Over the past five years, gold as represented by the SPDR Gold Trust is up over 75% on the type of steady march higher that investors dream about, including the roughly 4% sell-off that has occurred over the last three months. I have made no secret of my bullish position on gold, but I have received many questions as to whether gold is, in fact, in a bubble and should be avoided. While there are many typical hallmarks of a bubble scenario, most are not present in the gold market - I hesitate to say none for fear of a barrage of examples. Suffice it to say that I believe the gold market's extended rally remains intact. Below are four classic characteristics of a bubble that are missing when considering gold.
1. A parabolic move higher: If you go back and examine some of the previously celebrated bubbles, one common characteristic of each is that before the end, buying became so frenzied that the asset in question climbed in a nearly vertical path. The flip side of this is that when bubbles burst, particularly in precious metals, the fall tends to be fast and violent. As noted above, gold has cooled over the last three months, meaning it is neither going straight up nor disastrously lower. A reasonable argument can be made that the really dangerous move higher has yet to come - thus excusing this argument from the discussion - but if that is the case, an investment at current levels should still have plenty of upside potential.
2. Disconnect from reality: Perhaps the greatest hallmark of a bubble is the separation that exists between investor sentiment and reality. In the housing market, for example, banks continued to lend because "housing prices cannot go down." From 2007 to 2009, the Case-Shiller Home Price Index imploded from 225 down to 150. The recent decline in the price of gold has been orderly and based on significant data. Last week, the Bureau of Labor Statistics released data that showed jobless claims had hit a five-year low. This is dually negative for gold. On the one hand, it may suggest that the economy is strengthening, meaning that the safety of gold may be less attractive. On the other hand, the Federal Reserve, as a part of the current round of quantitative easing, has made clear that its current actions and policy initiatives are tied to the labor market - the Fed said it would keep rates near zero until unemployment dips below 6.5%. Quantitative easing drives inflation, which in turn is bullish for gold which protects against inflation; if it ends, gold will get hit.
3. Structural breakdown: In the midst of a bubble, any asset even loosely tied to the hysteria begins to trade as if it were the same thing. In the case of gold, you might expect gold miners like Barrick Gold to trade in lock-step with GLD. Over the past three months, Barrick is down over 20% relative to the slide of roughly 4% of GLD. Part of the reason for this disconnect is that the recessionary forces of the fiscal cliff and the European debt crisis have been weighing on the economy. The miners are treated with a harsher hand because as operating companies they face these recessionary pressures in ways that the commodities do not. This is a reasonable response by the market that has also taken Goldcorp and Newmont Mining down by roughly 20% in the same period. Trading the miners can be tricky because they often behave like stocks yet still have significant sensitivity to commodity prices. As some of these recessionary forces are alleviated, if the upward pressure on gold remains, the miners may outperform in the immediate term.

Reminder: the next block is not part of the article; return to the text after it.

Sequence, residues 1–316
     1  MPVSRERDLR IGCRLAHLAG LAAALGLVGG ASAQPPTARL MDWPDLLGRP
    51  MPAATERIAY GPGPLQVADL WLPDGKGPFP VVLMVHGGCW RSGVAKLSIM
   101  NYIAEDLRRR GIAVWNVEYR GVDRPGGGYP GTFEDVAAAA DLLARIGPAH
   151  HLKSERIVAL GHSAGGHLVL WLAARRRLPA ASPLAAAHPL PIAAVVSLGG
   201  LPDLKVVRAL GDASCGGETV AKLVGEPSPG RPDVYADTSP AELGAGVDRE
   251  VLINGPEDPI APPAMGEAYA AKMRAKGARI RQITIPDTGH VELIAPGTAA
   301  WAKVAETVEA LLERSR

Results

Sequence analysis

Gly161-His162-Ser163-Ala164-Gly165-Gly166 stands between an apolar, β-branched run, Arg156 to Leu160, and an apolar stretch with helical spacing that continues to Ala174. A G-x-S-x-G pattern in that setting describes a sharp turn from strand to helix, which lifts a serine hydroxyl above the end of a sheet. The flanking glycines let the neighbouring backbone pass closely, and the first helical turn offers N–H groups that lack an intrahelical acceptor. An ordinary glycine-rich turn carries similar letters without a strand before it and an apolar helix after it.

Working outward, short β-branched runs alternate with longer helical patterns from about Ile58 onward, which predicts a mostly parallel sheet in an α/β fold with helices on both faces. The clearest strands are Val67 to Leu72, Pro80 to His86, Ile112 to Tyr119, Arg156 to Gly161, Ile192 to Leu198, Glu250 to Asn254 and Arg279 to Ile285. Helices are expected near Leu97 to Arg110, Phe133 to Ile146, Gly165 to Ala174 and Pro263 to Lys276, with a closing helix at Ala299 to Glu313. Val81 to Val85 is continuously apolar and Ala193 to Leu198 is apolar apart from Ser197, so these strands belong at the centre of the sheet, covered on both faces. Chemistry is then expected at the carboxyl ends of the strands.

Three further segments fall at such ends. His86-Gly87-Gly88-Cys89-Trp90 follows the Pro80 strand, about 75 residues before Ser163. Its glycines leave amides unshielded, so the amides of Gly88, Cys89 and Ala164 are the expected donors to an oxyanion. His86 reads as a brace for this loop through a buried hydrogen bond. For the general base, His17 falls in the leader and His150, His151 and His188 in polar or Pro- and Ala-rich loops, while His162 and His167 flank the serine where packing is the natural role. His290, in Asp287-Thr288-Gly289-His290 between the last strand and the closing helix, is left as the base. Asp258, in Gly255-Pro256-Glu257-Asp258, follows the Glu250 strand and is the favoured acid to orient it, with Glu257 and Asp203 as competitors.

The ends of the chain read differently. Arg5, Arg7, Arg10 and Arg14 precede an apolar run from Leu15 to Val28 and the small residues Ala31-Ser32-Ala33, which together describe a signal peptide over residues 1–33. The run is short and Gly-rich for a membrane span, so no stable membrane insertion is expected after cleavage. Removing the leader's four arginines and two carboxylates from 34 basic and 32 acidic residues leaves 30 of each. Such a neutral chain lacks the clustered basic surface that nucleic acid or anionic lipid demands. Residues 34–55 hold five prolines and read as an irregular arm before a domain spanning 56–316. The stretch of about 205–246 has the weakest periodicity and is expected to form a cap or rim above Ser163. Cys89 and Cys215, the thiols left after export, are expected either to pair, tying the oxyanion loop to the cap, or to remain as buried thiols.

4. Group think: As you would expect, during a bubble, everyone begins to think alike, including the press and the denizens of the blogosphere. The good news for gold bulls using this metric is that the current news and coverage is fairly balanced, with many questioning if gold's rise has finally run its course. Even some of the large investment houses like Morgan Stanley have lowered their price targets but remain bullish. Joel Crane and Peter Richardson of Morgan Stanley said in a report: "We remain bullish on the gold price outlook in 2013 despite recent selling pressure triggered by market concerns of an earlier-than-previously anticipated tightening in U.S. monetary policy." In terms of the ramifications for a bubble, the diversity of opinion and well-reasoned basis for them suggests gold's rise is not a bubble.
While this is not a definitive list of the characteristics of bubbles, it includes many of the most important signs and reasons why gold does not currently qualify. While it is always advised to be prudent when investing in an asset well into a positive run, gold still has plenty of upside. Even with improving stats, the labor market has a long way to go until the Fed lets up on bond buying or releases its stranglehold on rates. These factors should combine to keep inflationary forces in place, which will ultimately drive gold higher.
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